Saturday, March 05, 2011

Exercise helps for CFS? Check the definition

There is a very good article in New York Times, explaining the findings of a study published last month in The Lancet, which reported that exercise and cognitive-behavioral therapy could help people with the illness.  That study is already quite well known, and used as a basis to push many CFS and fibromyalgia patients to exercise.  My doctor had also suggested me to exercise, and to "be positive".  Being treated as "depressed" when you need serious medical attention doesn't help - it drives you to the depth of depression even if you were not. 

I thought it is important to highlight the limitations of that Lancet study to other fibromyalgia patients. Here is an extract from the NYT article which may help you to explain to your doctor why pushing you to exercise might not be the right thing to do:
The British scientists who conducted the research identified study participants based largely on a single symptom: disabling and unexplained fatigue lasting at least six months. But many researchers, especially in the United States, say that definition takes in many patients whose real illness is not the syndrome but depression — which can often be eased with psychotherapy and exercise.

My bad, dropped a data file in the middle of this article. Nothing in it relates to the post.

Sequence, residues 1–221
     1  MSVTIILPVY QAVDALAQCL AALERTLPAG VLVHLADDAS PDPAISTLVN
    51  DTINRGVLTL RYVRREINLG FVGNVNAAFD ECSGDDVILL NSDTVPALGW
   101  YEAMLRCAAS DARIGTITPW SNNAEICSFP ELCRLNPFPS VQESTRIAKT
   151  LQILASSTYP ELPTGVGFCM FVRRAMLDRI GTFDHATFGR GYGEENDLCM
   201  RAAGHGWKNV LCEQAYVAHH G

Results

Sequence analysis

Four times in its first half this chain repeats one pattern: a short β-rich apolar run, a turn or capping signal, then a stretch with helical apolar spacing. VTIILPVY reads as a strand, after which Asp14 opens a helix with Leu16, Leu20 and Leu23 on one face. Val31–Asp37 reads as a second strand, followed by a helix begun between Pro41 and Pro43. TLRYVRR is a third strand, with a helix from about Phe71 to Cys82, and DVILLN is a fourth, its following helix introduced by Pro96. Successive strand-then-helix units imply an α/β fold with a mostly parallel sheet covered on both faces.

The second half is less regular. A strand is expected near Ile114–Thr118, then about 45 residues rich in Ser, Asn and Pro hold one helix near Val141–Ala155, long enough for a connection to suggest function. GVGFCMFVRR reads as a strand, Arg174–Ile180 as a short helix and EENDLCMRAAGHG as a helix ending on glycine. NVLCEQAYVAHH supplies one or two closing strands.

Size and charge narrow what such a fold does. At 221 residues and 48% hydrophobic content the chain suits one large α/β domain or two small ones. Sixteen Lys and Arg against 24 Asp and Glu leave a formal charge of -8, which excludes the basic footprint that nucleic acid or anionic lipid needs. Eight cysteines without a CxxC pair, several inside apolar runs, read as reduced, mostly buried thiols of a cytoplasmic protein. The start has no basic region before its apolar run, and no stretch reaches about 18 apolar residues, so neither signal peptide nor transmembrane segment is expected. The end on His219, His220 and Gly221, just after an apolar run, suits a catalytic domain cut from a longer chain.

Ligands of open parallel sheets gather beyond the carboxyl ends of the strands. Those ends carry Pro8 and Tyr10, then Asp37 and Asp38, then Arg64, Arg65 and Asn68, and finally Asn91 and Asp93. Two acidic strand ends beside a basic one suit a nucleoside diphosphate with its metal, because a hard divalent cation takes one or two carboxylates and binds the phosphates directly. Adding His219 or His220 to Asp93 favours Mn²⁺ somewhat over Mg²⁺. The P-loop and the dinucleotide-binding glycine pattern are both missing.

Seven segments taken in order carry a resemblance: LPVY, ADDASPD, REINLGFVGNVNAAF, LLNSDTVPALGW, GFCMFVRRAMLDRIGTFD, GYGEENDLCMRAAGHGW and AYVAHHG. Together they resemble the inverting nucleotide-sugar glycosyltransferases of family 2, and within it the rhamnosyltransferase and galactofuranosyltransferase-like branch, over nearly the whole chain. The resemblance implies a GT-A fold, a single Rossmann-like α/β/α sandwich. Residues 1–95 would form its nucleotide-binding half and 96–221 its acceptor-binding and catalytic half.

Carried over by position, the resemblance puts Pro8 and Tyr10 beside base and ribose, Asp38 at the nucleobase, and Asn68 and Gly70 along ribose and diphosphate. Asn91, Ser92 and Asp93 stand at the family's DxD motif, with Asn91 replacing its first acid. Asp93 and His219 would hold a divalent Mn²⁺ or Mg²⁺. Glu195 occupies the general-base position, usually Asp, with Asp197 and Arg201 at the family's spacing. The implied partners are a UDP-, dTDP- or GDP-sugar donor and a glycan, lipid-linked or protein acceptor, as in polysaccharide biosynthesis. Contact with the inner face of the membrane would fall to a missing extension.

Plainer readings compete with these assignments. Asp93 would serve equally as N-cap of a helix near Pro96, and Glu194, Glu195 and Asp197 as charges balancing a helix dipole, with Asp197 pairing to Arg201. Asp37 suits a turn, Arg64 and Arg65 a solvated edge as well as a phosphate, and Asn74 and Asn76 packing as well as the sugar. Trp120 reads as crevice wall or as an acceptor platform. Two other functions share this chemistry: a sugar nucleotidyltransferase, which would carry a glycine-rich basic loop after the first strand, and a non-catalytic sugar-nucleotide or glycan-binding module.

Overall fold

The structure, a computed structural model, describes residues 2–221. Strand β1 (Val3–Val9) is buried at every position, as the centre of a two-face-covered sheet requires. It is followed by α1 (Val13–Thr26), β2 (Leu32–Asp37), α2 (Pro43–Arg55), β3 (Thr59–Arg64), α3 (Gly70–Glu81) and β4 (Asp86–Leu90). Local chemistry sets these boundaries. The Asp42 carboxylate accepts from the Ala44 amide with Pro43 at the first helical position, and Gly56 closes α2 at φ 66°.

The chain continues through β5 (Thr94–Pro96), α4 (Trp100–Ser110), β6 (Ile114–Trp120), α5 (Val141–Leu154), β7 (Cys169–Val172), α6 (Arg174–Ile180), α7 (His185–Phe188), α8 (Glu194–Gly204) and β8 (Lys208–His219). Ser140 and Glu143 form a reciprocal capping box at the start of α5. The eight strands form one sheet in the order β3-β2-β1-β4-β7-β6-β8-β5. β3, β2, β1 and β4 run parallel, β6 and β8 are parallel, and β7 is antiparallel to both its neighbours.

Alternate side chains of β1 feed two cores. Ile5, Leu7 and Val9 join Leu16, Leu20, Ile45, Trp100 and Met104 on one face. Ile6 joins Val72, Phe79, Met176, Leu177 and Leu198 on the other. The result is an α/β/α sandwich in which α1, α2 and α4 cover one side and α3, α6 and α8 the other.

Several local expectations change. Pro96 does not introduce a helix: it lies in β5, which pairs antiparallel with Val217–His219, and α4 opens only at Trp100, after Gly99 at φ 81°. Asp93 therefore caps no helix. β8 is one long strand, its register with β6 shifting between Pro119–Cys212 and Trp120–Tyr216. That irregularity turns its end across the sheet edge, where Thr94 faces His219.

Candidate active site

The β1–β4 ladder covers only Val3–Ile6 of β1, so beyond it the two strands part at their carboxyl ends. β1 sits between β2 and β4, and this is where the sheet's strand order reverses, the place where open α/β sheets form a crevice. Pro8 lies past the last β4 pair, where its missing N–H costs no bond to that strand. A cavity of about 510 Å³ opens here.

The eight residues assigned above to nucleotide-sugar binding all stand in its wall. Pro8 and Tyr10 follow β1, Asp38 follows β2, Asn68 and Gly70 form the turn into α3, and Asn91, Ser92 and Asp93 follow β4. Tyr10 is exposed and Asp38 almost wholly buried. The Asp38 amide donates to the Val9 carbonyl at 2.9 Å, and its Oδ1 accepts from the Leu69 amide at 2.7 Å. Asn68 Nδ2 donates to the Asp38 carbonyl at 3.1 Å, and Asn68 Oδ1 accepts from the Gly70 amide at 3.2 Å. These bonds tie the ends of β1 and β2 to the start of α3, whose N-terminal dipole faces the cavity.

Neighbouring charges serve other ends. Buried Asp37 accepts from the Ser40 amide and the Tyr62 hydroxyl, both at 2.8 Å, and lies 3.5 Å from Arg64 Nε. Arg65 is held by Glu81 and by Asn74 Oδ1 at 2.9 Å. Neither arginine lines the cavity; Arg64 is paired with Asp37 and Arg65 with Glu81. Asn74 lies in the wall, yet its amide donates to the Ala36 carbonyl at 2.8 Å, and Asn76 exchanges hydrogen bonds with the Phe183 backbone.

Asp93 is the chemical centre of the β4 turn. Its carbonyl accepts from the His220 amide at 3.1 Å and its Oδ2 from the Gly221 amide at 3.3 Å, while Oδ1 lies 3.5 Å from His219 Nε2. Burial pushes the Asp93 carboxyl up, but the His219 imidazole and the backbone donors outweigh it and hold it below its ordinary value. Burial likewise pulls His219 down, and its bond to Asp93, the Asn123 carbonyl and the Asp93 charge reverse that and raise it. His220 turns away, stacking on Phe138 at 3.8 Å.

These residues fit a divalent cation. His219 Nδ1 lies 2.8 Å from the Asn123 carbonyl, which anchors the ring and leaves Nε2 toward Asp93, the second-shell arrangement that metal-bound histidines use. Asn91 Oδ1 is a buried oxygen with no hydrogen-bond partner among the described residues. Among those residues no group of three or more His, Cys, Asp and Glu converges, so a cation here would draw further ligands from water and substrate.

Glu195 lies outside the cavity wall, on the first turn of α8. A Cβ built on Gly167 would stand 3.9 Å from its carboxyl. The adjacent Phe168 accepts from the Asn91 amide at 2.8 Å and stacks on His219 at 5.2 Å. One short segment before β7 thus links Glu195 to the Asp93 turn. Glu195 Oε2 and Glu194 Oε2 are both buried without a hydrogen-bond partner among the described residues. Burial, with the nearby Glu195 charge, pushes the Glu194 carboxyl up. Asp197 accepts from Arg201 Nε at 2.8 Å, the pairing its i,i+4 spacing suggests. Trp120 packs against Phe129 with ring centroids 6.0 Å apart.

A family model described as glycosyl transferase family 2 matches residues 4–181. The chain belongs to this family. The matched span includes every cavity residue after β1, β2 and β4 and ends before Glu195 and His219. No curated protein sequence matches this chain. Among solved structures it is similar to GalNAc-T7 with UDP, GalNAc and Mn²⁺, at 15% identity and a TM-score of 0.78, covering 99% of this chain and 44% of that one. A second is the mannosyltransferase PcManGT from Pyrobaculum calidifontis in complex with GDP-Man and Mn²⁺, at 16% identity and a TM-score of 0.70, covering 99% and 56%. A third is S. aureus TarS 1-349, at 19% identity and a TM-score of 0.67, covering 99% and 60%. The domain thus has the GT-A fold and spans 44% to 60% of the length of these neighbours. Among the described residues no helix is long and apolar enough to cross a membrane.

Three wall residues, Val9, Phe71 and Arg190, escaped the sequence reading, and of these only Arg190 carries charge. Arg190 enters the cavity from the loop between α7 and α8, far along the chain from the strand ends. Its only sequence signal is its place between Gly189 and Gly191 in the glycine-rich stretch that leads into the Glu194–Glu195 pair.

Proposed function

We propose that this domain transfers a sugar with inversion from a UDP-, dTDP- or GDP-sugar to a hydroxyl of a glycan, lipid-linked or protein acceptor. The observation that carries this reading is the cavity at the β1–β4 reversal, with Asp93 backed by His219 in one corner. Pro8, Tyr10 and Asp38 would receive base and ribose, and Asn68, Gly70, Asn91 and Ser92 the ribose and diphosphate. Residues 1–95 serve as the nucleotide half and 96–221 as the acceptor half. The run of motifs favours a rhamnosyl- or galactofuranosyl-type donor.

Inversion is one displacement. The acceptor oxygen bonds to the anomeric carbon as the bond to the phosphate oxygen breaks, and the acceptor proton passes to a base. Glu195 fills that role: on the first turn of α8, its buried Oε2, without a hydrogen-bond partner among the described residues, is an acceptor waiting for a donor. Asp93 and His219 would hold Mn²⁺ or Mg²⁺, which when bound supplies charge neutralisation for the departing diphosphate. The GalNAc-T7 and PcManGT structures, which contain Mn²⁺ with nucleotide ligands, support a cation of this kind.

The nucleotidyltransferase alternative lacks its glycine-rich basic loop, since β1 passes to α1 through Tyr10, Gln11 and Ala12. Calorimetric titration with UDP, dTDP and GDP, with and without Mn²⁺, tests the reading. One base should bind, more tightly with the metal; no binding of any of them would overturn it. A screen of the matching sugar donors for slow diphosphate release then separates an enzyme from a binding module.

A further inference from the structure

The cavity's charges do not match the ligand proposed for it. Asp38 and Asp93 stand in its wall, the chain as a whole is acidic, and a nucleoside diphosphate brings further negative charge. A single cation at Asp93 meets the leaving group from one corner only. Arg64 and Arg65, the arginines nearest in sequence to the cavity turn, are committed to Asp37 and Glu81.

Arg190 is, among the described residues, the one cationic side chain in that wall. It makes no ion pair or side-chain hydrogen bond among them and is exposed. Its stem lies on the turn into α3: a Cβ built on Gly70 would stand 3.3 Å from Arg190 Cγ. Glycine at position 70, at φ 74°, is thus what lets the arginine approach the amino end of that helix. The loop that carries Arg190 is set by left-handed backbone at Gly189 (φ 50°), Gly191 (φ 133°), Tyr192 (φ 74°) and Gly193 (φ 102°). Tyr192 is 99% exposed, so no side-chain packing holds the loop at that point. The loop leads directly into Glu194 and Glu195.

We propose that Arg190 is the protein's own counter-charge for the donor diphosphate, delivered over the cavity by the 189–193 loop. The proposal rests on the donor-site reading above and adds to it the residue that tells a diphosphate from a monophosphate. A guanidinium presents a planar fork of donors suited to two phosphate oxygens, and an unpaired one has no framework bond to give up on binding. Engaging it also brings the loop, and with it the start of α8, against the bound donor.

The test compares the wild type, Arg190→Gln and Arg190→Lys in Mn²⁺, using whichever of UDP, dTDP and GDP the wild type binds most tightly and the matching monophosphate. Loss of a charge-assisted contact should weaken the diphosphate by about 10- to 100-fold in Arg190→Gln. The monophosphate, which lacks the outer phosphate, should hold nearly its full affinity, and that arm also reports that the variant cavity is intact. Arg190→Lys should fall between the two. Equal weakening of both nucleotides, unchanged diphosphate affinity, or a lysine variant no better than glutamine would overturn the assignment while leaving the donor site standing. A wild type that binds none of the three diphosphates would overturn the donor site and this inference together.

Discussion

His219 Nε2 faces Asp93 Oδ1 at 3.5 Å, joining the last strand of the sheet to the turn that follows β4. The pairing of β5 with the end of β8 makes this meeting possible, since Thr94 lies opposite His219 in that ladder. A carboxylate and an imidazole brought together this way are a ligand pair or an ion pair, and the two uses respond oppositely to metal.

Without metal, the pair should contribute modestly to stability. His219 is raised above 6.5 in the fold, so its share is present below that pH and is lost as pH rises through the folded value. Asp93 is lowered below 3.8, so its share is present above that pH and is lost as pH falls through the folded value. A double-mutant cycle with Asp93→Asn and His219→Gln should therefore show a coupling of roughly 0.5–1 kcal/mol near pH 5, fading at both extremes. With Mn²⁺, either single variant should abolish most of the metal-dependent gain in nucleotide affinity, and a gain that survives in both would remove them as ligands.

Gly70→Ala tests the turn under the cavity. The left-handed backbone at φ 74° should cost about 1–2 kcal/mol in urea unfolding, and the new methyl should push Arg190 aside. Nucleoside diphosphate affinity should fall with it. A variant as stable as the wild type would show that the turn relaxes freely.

I tried to push myself to exercise when I was not ready for it, and on every occasion, that resulted in a bad "relapse" - miserable days in bed, symptoms all flare up.  

Today, I am relatively well . Sometime ago, I had given up listening to doctors who did not listen to me, and listened to my own body, and started my own "programme".  That was the start to better days. 

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